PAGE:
I spent time talking to Emma and her friend who is the chief reporter on the Guardian local newspaper group for Epping in Essex. He was really interested in goingunderground and this blog, so we had a good chat and he's going to send in some pictures of Emma plus some links to features she did for his papers.
In the meantime Mecca was talking to Ken Livingstone!
Publicity seeking hound that she is, she'd managed to catch Ken's eye by the massive "Mind The Gap" wording splashed across her chest and bold as brass she went over to him and asked him the question she was due to ask - which was basically:
"I've been on the tube and have heard drivers making announcements like "What part of Stand Clear of the Doors don't you understand" and "The Bakerloo line is running normally, so please expect delays to all destinations"." Then she told him that I'd been collecting these announcements for years and had he come across my website (he hadn't - D'OH) but true to form he came up with a funny announcement himself.
A driver had seen him getting on a tube and said "We'd all like to welcome Ken Livingstone to this train who is getting on carriage number five". Mecca then went on to say that it was frustrating that you sometimes got these really funny announcements but other times you heard nothing at all. So why was this?
According to Ken this is because the radio system from stations to driver's cabs is so rubbish and often takes such a long time to get through, that in most cases the drivers really don't know what is going on.
Not content with asking him that she told him about the book - One Stop Short of Barking she has just written and asked if he would be prepared to do a foreword for it. "Who's publishing it?" Ken asked. "New Holland a large general publisher who mainly publish travel books and have published loads of books on London" "When's it being published?", he continued. "Late summer/autumn next year" Mecca replied. "Mmm just when I'll be campaigning for my re-election". "Aah" Mecca said, "It's actually finished though and they will be going to proof in April 2004, so would you be able to do something by then?" Ken said yes, providing that Mecca or the publisher write something roughly for him and he will be able to personalise it and add his own touch.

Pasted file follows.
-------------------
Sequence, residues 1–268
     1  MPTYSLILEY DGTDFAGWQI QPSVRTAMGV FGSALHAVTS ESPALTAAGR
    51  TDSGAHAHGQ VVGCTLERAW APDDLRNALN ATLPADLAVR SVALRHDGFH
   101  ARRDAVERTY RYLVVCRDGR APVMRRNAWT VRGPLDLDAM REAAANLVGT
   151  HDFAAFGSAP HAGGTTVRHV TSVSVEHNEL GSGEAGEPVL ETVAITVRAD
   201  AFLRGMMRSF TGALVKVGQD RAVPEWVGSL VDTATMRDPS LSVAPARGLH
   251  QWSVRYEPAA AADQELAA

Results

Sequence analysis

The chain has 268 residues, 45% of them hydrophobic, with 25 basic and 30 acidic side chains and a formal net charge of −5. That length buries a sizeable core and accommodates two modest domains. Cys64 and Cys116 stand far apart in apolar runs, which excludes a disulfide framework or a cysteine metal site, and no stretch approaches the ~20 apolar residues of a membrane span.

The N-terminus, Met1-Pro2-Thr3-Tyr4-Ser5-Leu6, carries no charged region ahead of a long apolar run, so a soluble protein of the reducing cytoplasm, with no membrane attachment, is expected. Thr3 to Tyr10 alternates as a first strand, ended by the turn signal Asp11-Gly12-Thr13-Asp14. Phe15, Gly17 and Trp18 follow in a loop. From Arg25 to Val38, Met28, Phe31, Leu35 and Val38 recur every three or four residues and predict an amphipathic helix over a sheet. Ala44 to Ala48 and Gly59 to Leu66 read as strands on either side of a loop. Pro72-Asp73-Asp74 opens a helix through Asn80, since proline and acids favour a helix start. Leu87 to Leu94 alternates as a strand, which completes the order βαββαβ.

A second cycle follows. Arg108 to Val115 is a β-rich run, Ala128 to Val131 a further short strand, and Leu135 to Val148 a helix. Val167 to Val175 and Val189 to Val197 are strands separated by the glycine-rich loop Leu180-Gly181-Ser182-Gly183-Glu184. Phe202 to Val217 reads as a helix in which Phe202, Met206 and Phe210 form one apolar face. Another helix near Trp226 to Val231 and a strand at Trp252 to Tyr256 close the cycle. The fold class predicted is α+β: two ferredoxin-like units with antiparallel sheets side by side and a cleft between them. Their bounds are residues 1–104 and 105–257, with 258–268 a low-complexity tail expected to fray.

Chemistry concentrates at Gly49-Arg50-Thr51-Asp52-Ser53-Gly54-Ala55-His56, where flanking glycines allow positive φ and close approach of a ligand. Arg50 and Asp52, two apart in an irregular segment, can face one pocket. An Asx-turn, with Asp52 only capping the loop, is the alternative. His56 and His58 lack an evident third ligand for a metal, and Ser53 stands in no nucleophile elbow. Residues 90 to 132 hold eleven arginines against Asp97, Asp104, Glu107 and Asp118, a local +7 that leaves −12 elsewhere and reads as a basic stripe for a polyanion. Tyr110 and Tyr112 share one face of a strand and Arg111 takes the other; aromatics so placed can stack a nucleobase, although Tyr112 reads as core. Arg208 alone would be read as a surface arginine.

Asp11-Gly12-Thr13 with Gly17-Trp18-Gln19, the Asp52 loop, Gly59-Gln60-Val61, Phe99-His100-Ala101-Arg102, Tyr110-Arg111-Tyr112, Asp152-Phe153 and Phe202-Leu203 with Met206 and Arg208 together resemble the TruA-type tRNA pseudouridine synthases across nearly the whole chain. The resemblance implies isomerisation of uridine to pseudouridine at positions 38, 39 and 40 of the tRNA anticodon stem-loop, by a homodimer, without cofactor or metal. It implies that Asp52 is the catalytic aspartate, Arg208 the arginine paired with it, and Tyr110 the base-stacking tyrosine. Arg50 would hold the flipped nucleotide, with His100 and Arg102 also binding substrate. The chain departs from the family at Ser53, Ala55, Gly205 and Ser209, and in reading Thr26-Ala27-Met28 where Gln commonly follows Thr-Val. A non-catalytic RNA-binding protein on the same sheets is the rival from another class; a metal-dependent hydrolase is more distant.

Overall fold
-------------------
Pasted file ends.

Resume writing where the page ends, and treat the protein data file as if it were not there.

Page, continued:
So she got his business card and promised to send him something, gratefully said thanks, shook his hand and let him get mobbed by the next set of questioners.
We were truly amazed and spent the rest of the evening talking to the researchers from Carlton, the reporter from the Guardian series of local papers and other assorted people from the audience.
So although we didn't get to ask Ken a cutting question, we will shortly have an interview from someone who was on the Chancery Lane tube when it crashed. We'll be able to see there are real people behind all the stats and arguments about funding and safety and it should make an enlightening read.